Wednesday, February 17, 2021

Number 2497: The Ghost Beast

Marvel Comics had a title called Tower of Shadows which began  in 1969. It published some reprints and some original stories, and lasted 9 issues before becoming Creatures on the Loose. I remember buying the comic with its original title, because some of them had stories by Wallace Wood. I’ve still got them.

The story, “The Ghost Beast,” appeared in Tower of Shadows #6, from 1970. Something I noticed about Wood’s storytelling is that in this period his stories were economical (i.e., short), all fantasies. Wood, along with most all of the artists working for Marvel in the early '70s, is deceased. It’s not Tower of Shadows I collected, but Wood.


Daniel [] said...

I lack a clear memory of when I became aware of Wood as an artist, but his distinctive style would have begun registering with me when I was about six years old — I had the Fireball XL-5 lunchbox. By the time that Tower of Shadows began to appear, he was amongst my favorite comic-book artists.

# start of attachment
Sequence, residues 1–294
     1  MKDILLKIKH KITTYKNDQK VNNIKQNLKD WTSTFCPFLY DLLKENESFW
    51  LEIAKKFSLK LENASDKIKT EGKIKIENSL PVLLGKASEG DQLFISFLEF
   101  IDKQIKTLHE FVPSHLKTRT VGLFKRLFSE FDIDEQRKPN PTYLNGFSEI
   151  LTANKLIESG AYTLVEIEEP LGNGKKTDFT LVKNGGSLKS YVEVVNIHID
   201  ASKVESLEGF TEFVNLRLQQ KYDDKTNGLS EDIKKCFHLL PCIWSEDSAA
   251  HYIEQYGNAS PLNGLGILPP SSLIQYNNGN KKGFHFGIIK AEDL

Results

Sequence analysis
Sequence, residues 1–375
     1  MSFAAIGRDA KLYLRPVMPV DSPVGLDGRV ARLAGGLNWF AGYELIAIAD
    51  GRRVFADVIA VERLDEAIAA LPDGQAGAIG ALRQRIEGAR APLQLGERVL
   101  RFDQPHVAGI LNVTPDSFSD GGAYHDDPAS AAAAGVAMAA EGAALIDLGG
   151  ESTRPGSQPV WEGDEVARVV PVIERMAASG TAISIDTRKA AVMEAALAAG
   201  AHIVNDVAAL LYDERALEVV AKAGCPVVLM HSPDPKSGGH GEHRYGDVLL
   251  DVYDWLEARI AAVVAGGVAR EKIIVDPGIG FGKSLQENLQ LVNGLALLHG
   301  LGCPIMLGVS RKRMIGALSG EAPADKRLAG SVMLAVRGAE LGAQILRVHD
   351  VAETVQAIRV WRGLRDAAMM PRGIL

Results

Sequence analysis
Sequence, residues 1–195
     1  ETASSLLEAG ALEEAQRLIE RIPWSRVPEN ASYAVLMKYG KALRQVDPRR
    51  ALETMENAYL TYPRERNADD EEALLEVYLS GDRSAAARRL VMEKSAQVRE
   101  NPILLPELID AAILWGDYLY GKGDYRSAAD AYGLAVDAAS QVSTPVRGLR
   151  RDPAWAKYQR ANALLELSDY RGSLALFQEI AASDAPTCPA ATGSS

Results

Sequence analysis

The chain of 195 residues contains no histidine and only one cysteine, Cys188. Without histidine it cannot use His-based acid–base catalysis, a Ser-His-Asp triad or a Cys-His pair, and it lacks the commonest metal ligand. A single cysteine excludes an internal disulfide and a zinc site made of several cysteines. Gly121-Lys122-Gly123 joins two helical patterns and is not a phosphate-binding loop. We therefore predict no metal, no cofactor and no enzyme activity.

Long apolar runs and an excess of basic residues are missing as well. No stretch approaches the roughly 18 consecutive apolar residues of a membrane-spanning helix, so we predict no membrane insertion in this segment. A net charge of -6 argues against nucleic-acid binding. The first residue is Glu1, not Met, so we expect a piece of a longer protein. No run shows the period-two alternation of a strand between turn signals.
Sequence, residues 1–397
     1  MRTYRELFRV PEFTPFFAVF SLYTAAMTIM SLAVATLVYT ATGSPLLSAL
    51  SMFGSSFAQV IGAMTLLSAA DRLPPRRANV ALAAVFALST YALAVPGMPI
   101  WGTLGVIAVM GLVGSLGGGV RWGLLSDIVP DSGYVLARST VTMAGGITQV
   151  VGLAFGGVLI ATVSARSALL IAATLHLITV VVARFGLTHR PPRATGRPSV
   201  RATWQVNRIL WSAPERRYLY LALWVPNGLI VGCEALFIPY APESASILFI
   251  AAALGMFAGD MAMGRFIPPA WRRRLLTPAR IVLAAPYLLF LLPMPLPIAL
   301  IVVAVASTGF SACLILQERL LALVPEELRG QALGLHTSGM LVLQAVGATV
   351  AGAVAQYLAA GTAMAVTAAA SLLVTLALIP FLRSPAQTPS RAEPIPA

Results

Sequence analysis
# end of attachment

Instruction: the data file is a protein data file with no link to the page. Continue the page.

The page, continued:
I think that I would have pointed to “The Mad Comic Opera”, Mad Magazine #56 (July 1960) as my favorite piece of his work. I wasn't taken by its story or script, but by the tour de force of Wood's art. Who could draw like that?!? That was Dick Tracy, and yet…. That was Tarzan, and yet…. That was Dagwood, and yet….

Brian Barnes said...

Well, that's not nice!

Wood does a great job here, it's not as intricate as his sci-fi work, but it's still great, vintage Wood, with all the Wood hallmarks.

Beautiful splash, though a mild complaint is the creature is relatively dull. First panel, page 3, is the great kind of work you'd see later with people like Buscema doing in stuff like Conan.

Bill the Butcher said...

That was a surprisingly effective tale, where the Conan the Barbariaesque "hero" turns out to be not just a scoundrel but one who loses out in the end.

By the way, I liked how Beowulf's cape stayed dramatically suspended in the air so as to show off his physique when he first appeared :D

Darci said...

The first name that springs to mind, as a survivor of the seventies, is John Romita.

JBM said...

Just wonderful!